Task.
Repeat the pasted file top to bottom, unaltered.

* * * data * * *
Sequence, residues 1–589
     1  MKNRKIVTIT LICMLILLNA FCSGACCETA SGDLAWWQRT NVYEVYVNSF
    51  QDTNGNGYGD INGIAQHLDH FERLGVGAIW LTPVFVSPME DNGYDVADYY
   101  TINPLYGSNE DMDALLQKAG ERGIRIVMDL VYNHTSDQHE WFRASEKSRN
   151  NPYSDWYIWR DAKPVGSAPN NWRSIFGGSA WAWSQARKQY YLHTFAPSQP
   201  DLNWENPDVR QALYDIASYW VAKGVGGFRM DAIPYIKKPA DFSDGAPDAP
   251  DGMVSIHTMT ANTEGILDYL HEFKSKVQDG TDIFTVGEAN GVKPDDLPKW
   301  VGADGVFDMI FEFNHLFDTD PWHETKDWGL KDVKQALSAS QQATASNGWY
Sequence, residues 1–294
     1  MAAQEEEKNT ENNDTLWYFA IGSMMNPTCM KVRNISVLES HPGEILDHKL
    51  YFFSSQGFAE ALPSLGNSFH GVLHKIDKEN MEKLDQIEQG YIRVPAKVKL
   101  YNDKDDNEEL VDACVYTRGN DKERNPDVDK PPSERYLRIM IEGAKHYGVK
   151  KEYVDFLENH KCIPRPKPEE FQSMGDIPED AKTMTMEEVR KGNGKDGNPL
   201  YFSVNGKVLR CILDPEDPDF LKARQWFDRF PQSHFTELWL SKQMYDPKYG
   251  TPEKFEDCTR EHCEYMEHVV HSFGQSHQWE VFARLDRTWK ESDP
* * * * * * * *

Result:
Sequence, residues 1–589
     1  MKNRKIVTIT LICMLILLNA FCSGACCETA SGDLAWWQRT NVYEVYVNSF
    51  QDTNGNGYGD INGIAQHLDH FERLGVGAIW LTPVFVSPME DNGYDVADYY
   101  TINPLYGSNE DMDALLQKAG ERGIRIVMDL VYNHTSDQHE WFRASEKSRN
   151  NPYSDWYIWR DAKPVGSAPN NWRSIFGGSA WAWSQARKQY YLHTFAPSQP
   201  DLNWENPDVR QALYDIASYW VAKGVGGFRM DAIPYIKKPA DFSDGAPDAP
   251  DGMVSIHTMT ANTEGILDYL HEFKSKVQDG TDIFTVGEAN GVKPDDLPKW
   301  VGADGVFDMI FEFNHLFDTD PWHETKDWGL KDVKQALSAS QQATASNGWY
Sequence, residues 1–294
     1  MAAQEEEKNT ENNDTLWYFA IGSMMNPTCM KVRNISVLES HPGEILDHKL
    51  YFFSSQGFAE ALPSLGNSFH GVLHKIDKEN MEKLDQIEQG YIRVPAKVKL
   101  YNDKDDNEEL VDACVYTRGN DKERNPDVDK PPSERYLRIM IEGAKHYGVK
   151  KEYVDFLENH KCIPRPKPEE FQSMGDIPED AKTMTMEEVR KGNGKDGNPL
   201  YFSVNGKVLR CILDPEDPDF LKARQWFDRF PQSHFTELWL SKQMYDPKYG
   251  TPEKFEDCTR EHCEYMEHVV HSFGQSHQWE VFARLDRTWK ESDP